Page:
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Protein PITX1 PDB 1yz8.png
AliasesPITX1, BFT, CCF, LBNBG, POTX, PTX1, paired like homeodomain 1
External IDsMGI: 107374 HomoloGene: 20584 GeneCards: PITX1
Gene location (Human)
Chromosome 5 (human)
Chr.Chromosome 5 (human)[1]
Chromosome 5 (human)
Genomic location for PITX1
Genomic location for PITX1
Band5q31.1Start135,027,734 bp[1]
End135,034,813 bp[1]
RNA expression pattern
PBB GE PITX1 208502 s at fs.png

PBB GE PITX1 209587 at fs.png
More reference expression data
RefSeq (mRNA)



RefSeq (protein)



Location (UCSC)Chr 5: 135.03 – 135.03 MbChr 13: 55.83 – 55.84 Mb
PubMed search[3][4]
View/Edit HumanView/Edit Mouse

paired-like homeodomain 1 is a protein that in humans is encoded by the PITX1 gene.[5][6][7]


This gene encodes a member of the RIEG/PITX homeobox family, which is in the bicoid class of homeodomain proteins. Members of this family are involved in organ development and left-right asymmetry. This protein acts as a transcriptional regulator involved in basal and hormone-regulated activity of prolactin.[7]

Clinical relevance[edit]

Mutations in this gene have been associated with autism[8], club foot[9] and polydactyly[10] in humans.

Genetic Basis of Pathologies[edit]

Genomic rearrangements at the PITX1 locus are associated with Liebenberg syndrome.[11] In PITX1 Liebenberg is associated with a translocation or deletions, which cause insert promoter groups into the PITX1 locus.[11] A missense mutation within the PITX1 locus is associated with the development of autosomal dominant clubfoot.[9]


PITX1 has been shown to interact with Pituitary-specific positive transcription factor 1.[12]


  1. ^ a b c GRCh38: Ensembl release 89: ENSG00000069011 - Ensembl, May 2017
  2. ^ a b c GRCm38: Ensembl release 89: ENSMUSG00000021506 - Ensembl, May 2017
  3. ^ "Human PubMed Reference:".
  4. ^ "Mouse PubMed Reference:".
  5. ^ Crawford MJ, Lanctôt C, Tremblay JJ, Jenkins N, Gilbert D, Copeland N, Beatty B, Drouin J (1997). "Human and murine PTX1/Ptx1 gene maps to the region for Treacher Collins syndrome". Mammalian Genome. 8 (11): 841–5. CiteSeerX doi:10.1007/s003359900589. PMID 9337397.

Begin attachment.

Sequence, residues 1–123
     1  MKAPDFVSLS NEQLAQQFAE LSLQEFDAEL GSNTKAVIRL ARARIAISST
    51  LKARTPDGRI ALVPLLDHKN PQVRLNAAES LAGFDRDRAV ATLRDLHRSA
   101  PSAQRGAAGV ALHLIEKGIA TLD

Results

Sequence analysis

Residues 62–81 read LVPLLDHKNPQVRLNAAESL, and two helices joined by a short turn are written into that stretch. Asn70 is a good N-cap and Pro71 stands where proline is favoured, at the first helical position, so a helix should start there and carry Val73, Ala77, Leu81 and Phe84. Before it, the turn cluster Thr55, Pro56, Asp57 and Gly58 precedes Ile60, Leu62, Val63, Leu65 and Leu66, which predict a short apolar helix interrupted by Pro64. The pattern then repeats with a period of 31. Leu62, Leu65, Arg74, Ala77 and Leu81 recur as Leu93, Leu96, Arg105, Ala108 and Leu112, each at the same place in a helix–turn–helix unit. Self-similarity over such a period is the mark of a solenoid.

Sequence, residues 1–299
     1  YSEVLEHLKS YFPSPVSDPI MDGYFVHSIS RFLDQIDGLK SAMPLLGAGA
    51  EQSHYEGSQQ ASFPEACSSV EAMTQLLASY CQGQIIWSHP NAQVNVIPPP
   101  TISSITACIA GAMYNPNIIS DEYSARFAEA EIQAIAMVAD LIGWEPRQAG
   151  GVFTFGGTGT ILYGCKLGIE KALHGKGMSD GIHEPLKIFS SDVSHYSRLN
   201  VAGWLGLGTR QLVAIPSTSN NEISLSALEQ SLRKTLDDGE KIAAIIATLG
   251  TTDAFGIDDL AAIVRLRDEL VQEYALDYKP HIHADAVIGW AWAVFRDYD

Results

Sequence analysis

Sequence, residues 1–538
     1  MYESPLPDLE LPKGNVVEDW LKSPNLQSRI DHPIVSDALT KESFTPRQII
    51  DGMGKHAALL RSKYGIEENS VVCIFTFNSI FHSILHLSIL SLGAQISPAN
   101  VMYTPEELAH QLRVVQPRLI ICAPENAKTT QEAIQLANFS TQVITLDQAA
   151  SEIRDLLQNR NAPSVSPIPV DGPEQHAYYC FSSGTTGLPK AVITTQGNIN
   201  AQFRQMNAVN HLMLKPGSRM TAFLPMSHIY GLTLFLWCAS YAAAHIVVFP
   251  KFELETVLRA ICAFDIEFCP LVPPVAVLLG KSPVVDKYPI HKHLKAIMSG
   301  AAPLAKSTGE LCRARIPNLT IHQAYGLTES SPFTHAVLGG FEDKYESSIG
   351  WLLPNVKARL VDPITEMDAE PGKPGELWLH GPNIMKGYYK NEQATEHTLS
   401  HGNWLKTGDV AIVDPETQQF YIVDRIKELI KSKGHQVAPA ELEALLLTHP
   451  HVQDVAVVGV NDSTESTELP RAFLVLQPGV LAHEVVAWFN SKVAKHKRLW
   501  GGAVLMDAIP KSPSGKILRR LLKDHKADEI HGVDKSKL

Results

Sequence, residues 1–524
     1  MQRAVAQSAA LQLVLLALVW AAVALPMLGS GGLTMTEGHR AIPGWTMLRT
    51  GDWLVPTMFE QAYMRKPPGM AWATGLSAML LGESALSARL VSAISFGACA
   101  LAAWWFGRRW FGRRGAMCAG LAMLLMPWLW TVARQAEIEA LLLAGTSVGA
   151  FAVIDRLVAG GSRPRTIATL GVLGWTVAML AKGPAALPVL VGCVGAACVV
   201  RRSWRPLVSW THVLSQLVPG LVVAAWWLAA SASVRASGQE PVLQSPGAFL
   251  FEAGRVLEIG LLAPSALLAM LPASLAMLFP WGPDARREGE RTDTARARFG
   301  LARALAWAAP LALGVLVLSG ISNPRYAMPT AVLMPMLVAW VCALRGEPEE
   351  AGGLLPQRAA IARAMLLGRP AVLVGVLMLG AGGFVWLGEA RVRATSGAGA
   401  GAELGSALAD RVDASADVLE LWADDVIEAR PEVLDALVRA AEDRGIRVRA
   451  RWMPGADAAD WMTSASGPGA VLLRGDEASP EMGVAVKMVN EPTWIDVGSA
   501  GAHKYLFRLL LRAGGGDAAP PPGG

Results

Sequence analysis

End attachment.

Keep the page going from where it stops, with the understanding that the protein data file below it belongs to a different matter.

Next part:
6. ^ Shang J, Li X, Ring HZ, Clayton DA, Francke U (February 1997). "Backfoot, a novel homeobox gene, maps to human chromosome 5 (BFT) and mouse chromosome 13 (Bft)". Genomics. 40 (1): 108–13. doi:10.1006/geno.1996.4558. PMID 9070926.
  7. ^ a b "Entrez Gene: PITX1 paired-like homeodomain transcription factor 1".
  8. ^ Philippi A, Tores F, Carayol J, Rousseau F, Letexier M, Roschmann E, et al. (December 2007). "Association of autism with polymorphisms in the paired-like homeodomain transcription factor 1 (PITX1) on chromosome 5q31: a candidate gene analysis". BMC Medical Genetics. 8: 74. doi:10.1186/1471-2350-8-74. PMC 2222245. PMID 18053270.
  9. ^ a b Alvarado DM, McCall K, Aferol H, Silva MJ, Garbow JR, Spees WM, et al. (October 2011). "Pitx1 haploinsufficiency causes clubfoot in humans and a clubfoot-like phenotype in mice". Human Molecular Genetics. 20 (20): 3943–52. doi:10.1093/hmg/ddr313. PMC 3177645. PMID 21775501.
  10. ^ Klopocki E, Kähler C, Foulds N, Shah H, Joseph B, Vogel H, et al. (June 2012). "Deletions in PITX1 cause a spectrum of lower-limb malformations including mirror-image polydactyly". European Journal of Human Genetics. 20 (6): 705–8. doi:10.1038/ejhg.2011.264. PMC 3355260. PMID 22258522.
  11. ^ a b Spielmann M, Brancati F, Krawitz PM, Robinson PN, Ibrahim DM, Franke M, et al. (October 2012). "Homeotic arm-to-leg transformation associated with genomic rearrangements at the PITX1 locus". American Journal of Human Genetics. 91 (4): 629–35. doi:10.1016/j.ajhg.2012.08.014. PMC 3484647. PMID 23022097.
  12. ^ Szeto DP, Ryan AK, O'Connell SM, Rosenfeld MG (July 1996). "P-OTX: a PIT-1-interacting homeodomain factor expressed during anterior pituitary gland development". Proceedings of the National Academy of Sciences of the United States of America. 93 (15): 7706–10. doi:10.1073/pnas.93.15.7706. PMC 38811. PMID 8755540.

Further reading[edit]

External links[edit]

This article incorporates text from the United States National Library of Medicine, which is in the public domain.